· Let it be understood that the history is entirely of a domestic class. The Author has no splendid incidents, no improbable reverses, no extraordinary circumstances to excite curiosity and hold attention. The life he records, if interesting at all, must be so, not from its dissimilarity, but from its resemblance to our own. The occurrences which vary it are of that simple and sober kind, that they abound in our daily enjoyments, and are familiar to our common existence. The same observation should be applied to the character he would describe. It is not intellectual so much as moral; and if intellectual, the mental endowments are only such as are ordinary and general, while they are successfully directed to high and extraordinary moral attainments.

• The Author was convinced that in portraying such a life, it would be utterly useless merely to make a chronological record of events and actions, or even to do inore than faithfully describe the leading features of character. He has been concerned to subordinate dates and occurrences to their moral effect; to trace the influence of circumstances on the passions and the judgment; to shew, not only what the individual became, but to mark, step by step, the way

in which she reached her spiritual elevation. And this object was not to be effected by a hasty sketch, or a few powerful strokes of the pencil. Patient exertion was indispensible. There must be stroke upon stroke, line upon line, touch upon touch, to reach progressively the full expression of a character at once energetic and delicate.'

It was inevitable that, in endeavouring to accomplish this, the Author should be tempted to linger at particular points,

and that his style should sometimes run into diffuseness. A want of compression is the prominent defect of the work. Yet, with this qualification, few readers will, we imagine, think it too long. The character of Martha is truly feminine and perfectly natural. It has none of the stiffness of the model, none of the pedantry of an over educated character, none of the false sentiment of the heroine, but is of that simple, domestic, amiable kind which every one would wish to realize in his daughter or his sister. Had we room or inclination for minute criticism, we might very possibly detect remarks or expressions obnoxious to animadversion. But, upon the whole, the work has struck us as exceedingly well written, and in a much chaster style than the Author's former production. We frankly confess that the work has strongly interested us, though we had not the slightest knowledge of the individual whose virtues it commemorates; and we judge that it will interest, not indeed all sorts of readers, but the young for whom it is designed, and all who feel for and with the young. The parent may derive from it many valuable hints, while the youthful reader will find in it an attractive example of rare, yet far from unattainable excellence. On this account, waiving all criticism, we have pleasure in giving it our cordial recommendation. We shall merely subjoin a few extracts, and leave them to speak for themselves.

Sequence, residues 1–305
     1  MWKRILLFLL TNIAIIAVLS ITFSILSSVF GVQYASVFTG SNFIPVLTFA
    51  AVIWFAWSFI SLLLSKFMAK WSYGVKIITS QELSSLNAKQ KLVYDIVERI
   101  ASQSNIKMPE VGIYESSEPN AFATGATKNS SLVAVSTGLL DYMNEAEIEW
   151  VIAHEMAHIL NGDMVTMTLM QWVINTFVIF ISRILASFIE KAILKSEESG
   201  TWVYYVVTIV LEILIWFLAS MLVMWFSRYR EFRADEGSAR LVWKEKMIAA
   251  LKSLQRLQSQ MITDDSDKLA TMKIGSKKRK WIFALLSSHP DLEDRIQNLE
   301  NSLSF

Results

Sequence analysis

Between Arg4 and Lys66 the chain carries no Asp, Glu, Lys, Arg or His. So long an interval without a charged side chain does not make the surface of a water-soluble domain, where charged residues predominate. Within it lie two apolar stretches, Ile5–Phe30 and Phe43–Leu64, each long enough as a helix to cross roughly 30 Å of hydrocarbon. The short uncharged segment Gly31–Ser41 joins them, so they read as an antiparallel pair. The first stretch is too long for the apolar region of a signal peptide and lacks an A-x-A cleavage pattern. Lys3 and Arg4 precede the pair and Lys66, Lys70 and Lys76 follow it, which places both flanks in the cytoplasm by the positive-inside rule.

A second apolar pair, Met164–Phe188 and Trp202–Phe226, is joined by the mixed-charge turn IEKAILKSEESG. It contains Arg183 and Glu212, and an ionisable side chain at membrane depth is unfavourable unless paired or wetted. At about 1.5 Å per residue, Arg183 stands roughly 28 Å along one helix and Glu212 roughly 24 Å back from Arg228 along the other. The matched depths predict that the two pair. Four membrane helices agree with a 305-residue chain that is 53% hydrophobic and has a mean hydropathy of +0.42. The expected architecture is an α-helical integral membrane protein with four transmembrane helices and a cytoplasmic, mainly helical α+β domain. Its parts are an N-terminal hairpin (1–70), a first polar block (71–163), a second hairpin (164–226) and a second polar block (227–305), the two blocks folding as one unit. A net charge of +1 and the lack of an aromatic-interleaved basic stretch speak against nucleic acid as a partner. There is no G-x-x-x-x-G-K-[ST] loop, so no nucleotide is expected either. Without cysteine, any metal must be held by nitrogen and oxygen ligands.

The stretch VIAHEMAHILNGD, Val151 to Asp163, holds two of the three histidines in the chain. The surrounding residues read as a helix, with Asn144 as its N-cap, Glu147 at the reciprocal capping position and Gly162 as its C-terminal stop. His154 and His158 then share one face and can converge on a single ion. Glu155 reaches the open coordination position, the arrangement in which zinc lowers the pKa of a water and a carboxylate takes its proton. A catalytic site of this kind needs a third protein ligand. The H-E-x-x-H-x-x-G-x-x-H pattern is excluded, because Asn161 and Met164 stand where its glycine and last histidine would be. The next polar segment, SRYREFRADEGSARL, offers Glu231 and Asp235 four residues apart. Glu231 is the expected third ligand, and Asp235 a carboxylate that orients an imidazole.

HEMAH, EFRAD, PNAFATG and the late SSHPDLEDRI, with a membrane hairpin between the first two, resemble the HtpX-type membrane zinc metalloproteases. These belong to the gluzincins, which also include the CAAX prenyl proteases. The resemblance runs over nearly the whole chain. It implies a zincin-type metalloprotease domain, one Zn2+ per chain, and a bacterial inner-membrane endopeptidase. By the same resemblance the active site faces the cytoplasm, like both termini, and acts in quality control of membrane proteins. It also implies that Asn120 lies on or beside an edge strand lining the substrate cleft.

• Hitherto Martha's mind had been free from any continued uneasiness on religious accounts. She had been nurtured on the bosom of parental piety; her education had restrained her from many of the faults common to childhood ; she rejoiced in the exercise of filial love and obedience ; her sensibility sympathized with the affecting portions of scripture history; her temper" was cheerful, joyous, and unsuspicious; what wonder, then, if she had hastily concluded that she knew all it was necessary to know, felt all it was needful to feel, and did all it was requisite to do?

. If any thing occasionally disturbed this state of self-satisfaction, it was the often-reiterated admunition of her anxious and beloved parents : " Remember, my dear, profession is not possession ; pious education is not piety; the form of godliness will never save you." These exhortations had fixed themselves in her memory, while her mind was unprepared to appreciate them; but, now that her eye was turned inwardly, upon herself, they arose to her clothed with an importance they had never worn before, and gave force to those . convictions of which she was so entirely the subject.

Martha's principal deficiency had been the want of self-inspection, a defect

that is never supplied but by religious influence. She had mourned over an evil temper, and confessed the criminality of a wrong action; but she had not inquired into the

motives and principles of conduct: she had admitted the truth of our general depravity, Vol. XX. N.S.